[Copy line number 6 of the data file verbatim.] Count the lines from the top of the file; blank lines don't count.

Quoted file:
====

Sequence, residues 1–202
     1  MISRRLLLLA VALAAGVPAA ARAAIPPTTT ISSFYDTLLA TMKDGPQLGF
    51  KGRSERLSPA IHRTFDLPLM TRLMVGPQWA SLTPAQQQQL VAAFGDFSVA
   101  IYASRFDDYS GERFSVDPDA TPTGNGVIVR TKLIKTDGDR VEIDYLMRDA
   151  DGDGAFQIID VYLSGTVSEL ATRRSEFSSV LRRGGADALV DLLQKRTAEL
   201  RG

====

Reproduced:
   201  RG